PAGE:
First things firstThe constitution cannot be an obstacle to finding a progressive solution to political and social problems
The Nepali Congress (NC) and the CPN (Maoist Centre) have given top priority to amending the constitution. Prime Minister Dahal and other top leaders of the current coalition have said that implementing the constitution is number one on their list of things to do; and that holding local, provincial and general elections is the key to make this happen. We all know that the constitution can be implemented only by accommodating the aspirations of Madhesis, Janajatis and other marginalised groups. The erstwhile Oli administration failed miserably on this count. The challenge before the Dahal administration is ensuring that the constitution is amended to address the grievances of marginalised communities. Although the CPN-UML leaders are saying that the constitution is not a document engraved on stone that cannot be changed, they are averse to the idea of amending it. This is partly due to their frustration at being ousted from power. They hope to sweep the seats on the nationalism plank at the next general election.
The ruling parties need to reach a consensus among themselves on constitutional issues and reach an understanding with the agitating Samyukta Loktantrik Madhesi Morcha (SLMM). Once this happens, it will put pressure on anti-amendment forces. SLMM leaders have been rightly saying that the ruling parties should immediately table a constitutional amendment bill. The UML is less likely to support the coalition’s bid to amend the constitution. After the amendment bill is tabled, it will stir debates and discussions and build an environment for its passage. If the constitution is not amended to address the concerns of the agitating forces, they might not participate in the election. If they boycott the election, its legitimacy and that of the government that will be subsequently formed will be questioned. The agitating Madhesi and Janajati forces know that they will not be able to get all their demands fulfilled, so they should be ready to make a compromise. But this does not mean that the major forces can ignore them just because they are numerically weak in the House.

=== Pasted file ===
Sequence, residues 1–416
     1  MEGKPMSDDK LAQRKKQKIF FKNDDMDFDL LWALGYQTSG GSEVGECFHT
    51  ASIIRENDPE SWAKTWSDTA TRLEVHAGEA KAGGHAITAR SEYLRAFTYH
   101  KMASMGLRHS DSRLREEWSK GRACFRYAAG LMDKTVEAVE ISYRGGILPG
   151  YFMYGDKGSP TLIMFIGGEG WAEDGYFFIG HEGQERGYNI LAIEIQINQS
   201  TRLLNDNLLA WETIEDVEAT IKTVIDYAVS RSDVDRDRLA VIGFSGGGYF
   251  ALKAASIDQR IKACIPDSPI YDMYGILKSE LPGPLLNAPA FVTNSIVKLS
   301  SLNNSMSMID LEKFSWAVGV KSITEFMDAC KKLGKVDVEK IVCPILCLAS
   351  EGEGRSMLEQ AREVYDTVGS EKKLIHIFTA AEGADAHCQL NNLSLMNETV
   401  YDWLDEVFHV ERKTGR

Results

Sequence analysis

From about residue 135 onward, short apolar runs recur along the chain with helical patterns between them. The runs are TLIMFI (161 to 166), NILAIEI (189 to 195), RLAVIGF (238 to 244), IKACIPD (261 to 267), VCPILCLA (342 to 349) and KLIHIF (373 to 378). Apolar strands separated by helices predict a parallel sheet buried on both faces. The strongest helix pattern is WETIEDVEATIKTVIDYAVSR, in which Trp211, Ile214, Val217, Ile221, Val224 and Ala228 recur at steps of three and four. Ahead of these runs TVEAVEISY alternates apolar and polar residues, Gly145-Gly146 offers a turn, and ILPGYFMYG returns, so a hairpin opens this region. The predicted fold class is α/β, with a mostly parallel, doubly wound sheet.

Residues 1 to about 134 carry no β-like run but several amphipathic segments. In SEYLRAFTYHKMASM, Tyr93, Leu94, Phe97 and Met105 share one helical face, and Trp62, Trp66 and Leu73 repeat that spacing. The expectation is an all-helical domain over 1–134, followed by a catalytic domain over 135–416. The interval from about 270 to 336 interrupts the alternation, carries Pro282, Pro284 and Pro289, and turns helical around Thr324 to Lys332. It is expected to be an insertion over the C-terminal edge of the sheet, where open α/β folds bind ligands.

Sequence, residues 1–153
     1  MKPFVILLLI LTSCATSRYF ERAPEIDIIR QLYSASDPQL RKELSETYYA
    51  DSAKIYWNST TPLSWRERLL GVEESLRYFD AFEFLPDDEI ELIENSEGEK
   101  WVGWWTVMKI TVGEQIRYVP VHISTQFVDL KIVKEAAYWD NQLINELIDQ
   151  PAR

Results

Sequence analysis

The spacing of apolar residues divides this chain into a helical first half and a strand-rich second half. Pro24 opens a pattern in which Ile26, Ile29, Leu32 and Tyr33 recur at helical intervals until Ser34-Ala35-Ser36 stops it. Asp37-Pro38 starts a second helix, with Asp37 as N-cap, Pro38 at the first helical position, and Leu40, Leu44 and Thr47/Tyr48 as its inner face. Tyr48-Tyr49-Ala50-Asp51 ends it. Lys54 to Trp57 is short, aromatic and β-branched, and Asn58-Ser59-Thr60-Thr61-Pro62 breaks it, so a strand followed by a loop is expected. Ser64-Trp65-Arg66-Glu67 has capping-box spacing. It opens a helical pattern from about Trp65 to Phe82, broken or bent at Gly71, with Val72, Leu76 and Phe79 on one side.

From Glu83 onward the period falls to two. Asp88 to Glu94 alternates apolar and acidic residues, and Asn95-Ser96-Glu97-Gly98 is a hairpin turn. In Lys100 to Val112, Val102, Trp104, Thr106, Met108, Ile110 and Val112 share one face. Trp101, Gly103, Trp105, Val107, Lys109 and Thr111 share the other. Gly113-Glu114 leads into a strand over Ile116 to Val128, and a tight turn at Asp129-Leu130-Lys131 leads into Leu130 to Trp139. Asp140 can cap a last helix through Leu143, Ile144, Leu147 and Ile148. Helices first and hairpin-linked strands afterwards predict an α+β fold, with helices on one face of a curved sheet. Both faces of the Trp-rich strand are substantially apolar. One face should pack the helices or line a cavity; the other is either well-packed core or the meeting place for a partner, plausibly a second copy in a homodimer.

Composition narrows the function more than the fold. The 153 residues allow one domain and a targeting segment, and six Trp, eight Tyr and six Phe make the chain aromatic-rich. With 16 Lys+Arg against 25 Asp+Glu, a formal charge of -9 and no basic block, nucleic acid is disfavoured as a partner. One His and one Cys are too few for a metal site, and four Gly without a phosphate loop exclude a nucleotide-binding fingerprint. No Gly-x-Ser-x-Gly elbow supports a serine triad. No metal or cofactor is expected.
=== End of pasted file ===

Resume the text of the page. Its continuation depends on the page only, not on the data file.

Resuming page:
Identity and rights
In South Asia, as elsewhere, various factors influence the electoral outcome. It is true that Madhesis and Janajatis won a small number of seats in the last election, but that should not be interpreted as a defeat of the identity, federalism, inclusion and representation causes they have been championing. A political solution to the issues raised by the agitating forces can easily be found if they and the major parties work in the larger interest of the country. Media outlets, the intelligentsia and civil society need to play a proactive role to convince the major parties to make sincere efforts and show magnanimity to find a solution to the issues raised by Madhesis and Janajatis.